At times when you are struggling to get along with a particular brother or sister, consider giving. As you invest in a sibling who seems more like an enemy, you are putting treasure into your relationship, and your affection for your sibling will increase as a result of your loving initiative. Think about what you can give: time, prayer, words of praise, or gifts—things your sibling needs or will enjoy. Maybe you could offer to help him or her with a project or a household chore. When appropriate, giving the gift anonymously can also increase your humility. “. . . God resisteth the proud, but giveth grace unto the humble. . . . Humble yourselves in the sight of the Lord, and he shall lift you up” (James 4:6, 10).
“Beloved, let us love one another: for love is of God; and every one that loveth is born of God, and knoweth God. . . . If a man say, I love God, and hateth his brother, he is a liar: for he that loveth not his brother whom he hath seen, how can he love God whom he hath not seen? And this commandment have we from him, That he who loveth God love his brother also” (I John 4:7, 20–21).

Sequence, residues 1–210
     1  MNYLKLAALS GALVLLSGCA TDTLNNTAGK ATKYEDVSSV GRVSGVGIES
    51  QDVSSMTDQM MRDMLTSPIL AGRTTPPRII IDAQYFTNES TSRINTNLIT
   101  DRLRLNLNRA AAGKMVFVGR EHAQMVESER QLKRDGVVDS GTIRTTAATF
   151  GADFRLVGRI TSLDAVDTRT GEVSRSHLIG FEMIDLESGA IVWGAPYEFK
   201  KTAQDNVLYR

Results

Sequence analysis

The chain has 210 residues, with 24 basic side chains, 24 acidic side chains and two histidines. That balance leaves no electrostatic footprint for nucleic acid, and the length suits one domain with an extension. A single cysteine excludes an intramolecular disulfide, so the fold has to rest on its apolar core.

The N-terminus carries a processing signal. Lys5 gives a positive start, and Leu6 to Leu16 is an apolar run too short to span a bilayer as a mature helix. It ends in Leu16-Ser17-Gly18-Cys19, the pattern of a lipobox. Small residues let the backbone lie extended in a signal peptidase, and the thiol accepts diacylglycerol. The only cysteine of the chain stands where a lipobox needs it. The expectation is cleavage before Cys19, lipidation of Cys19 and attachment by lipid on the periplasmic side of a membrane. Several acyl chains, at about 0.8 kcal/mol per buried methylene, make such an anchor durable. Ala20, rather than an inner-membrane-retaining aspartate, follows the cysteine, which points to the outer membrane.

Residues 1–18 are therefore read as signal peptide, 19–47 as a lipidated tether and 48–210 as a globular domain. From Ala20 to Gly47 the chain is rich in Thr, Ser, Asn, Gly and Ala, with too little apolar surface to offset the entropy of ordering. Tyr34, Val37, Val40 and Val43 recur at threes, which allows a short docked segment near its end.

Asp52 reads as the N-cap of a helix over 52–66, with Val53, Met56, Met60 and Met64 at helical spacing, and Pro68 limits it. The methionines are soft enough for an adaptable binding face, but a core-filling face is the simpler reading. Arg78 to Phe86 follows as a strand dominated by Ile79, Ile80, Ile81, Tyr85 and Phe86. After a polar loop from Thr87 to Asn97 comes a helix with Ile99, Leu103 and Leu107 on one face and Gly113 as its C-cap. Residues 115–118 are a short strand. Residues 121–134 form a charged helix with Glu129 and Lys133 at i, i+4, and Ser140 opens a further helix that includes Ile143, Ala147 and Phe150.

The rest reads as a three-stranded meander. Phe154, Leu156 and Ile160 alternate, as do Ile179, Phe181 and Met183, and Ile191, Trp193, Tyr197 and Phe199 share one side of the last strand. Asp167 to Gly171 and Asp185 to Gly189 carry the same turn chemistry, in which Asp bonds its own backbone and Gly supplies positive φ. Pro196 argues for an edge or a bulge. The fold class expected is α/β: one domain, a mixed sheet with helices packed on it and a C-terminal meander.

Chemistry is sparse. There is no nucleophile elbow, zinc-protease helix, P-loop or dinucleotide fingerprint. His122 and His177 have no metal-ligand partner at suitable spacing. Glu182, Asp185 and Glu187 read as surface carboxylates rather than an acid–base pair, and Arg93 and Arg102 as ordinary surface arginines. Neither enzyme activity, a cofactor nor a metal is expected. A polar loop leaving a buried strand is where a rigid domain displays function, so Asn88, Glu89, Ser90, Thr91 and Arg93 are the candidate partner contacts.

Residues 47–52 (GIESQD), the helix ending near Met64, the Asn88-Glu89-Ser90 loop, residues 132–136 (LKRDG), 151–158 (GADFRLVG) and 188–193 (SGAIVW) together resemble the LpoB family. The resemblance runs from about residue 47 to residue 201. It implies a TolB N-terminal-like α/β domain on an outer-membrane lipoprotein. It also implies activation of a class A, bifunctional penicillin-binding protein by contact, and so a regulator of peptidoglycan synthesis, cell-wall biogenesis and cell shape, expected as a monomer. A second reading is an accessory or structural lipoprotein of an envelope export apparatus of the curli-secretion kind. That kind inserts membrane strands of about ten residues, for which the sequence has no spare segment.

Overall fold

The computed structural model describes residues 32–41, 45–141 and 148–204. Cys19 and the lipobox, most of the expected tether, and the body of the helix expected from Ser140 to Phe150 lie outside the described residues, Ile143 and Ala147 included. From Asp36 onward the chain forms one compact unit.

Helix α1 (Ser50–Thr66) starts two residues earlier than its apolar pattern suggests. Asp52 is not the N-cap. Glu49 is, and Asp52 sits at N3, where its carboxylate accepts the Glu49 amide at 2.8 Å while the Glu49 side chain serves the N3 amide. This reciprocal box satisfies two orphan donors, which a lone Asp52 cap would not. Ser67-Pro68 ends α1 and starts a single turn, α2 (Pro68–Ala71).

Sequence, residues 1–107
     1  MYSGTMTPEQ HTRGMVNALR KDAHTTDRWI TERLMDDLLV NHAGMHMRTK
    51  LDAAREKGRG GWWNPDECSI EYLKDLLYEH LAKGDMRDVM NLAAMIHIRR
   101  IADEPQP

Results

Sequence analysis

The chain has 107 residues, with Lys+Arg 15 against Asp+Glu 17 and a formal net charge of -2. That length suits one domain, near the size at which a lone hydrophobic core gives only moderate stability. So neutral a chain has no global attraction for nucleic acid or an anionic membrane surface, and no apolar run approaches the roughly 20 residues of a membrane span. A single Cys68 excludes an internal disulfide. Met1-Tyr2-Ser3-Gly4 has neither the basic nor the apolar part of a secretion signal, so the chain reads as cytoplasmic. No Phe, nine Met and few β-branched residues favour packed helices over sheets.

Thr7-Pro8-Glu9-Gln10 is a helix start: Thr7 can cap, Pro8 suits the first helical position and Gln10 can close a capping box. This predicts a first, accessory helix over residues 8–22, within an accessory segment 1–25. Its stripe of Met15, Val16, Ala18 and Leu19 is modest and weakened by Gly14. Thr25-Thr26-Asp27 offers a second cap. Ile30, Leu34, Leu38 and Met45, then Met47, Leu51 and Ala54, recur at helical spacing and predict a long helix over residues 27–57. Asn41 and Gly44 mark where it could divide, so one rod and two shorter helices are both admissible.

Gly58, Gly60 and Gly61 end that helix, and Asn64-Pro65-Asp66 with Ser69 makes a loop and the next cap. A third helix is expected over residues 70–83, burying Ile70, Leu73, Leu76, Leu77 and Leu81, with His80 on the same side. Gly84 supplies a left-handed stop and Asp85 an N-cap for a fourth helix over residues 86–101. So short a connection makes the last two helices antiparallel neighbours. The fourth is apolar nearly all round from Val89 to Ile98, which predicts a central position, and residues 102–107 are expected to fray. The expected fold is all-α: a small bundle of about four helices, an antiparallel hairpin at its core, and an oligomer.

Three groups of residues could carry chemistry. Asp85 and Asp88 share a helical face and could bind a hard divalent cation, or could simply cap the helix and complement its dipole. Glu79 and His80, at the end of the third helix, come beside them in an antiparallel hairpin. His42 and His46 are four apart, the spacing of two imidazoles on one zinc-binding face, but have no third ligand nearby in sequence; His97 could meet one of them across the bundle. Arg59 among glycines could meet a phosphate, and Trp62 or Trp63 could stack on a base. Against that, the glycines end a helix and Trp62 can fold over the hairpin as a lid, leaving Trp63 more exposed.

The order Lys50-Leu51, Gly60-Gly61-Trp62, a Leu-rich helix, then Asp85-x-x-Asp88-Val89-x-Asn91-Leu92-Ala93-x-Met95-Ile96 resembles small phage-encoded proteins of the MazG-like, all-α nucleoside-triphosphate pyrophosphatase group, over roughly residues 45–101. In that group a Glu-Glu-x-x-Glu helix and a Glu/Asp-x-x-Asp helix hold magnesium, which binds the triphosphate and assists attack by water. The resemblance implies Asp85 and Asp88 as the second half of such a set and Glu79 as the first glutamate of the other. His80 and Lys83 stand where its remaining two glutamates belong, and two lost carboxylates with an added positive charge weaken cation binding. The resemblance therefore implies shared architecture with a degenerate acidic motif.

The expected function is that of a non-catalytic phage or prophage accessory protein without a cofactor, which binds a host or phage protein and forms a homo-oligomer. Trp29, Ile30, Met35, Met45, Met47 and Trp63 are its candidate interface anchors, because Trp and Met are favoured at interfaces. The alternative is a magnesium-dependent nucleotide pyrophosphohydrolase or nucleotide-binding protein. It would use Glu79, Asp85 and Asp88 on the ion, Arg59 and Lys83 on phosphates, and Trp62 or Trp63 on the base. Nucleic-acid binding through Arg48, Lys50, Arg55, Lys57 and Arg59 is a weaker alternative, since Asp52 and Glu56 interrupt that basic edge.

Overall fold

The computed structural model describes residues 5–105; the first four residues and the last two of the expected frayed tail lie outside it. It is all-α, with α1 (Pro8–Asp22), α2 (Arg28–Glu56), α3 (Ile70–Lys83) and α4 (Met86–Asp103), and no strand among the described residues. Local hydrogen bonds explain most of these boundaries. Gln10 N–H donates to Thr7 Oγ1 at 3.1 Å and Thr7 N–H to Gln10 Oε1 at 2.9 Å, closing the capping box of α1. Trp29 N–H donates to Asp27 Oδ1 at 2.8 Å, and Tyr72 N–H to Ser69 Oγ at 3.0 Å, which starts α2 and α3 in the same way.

Thank God for One Another
God has placed you in the family you are in, with the brothers and sisters you have, for a purpose. He knows what you need in this life, and He is providing what you need. Thank Him for it! “In every thing give thanks: for this is the will of God in Christ Jesus concerning you” (I Thessalonians 5:18).
As your relationships with your brothers and sisters deepen, you will find more and more reasons to thank God for your siblings. When you encounter conflicts and difficulties, trust God to work all things together for your good as you love Him—and as you love your siblings in His name. (See Romans 8:28.) Be patient with one another and aim to consistently demonstrate genuine love to each of your siblings. Remember, they are God’s gifts to you.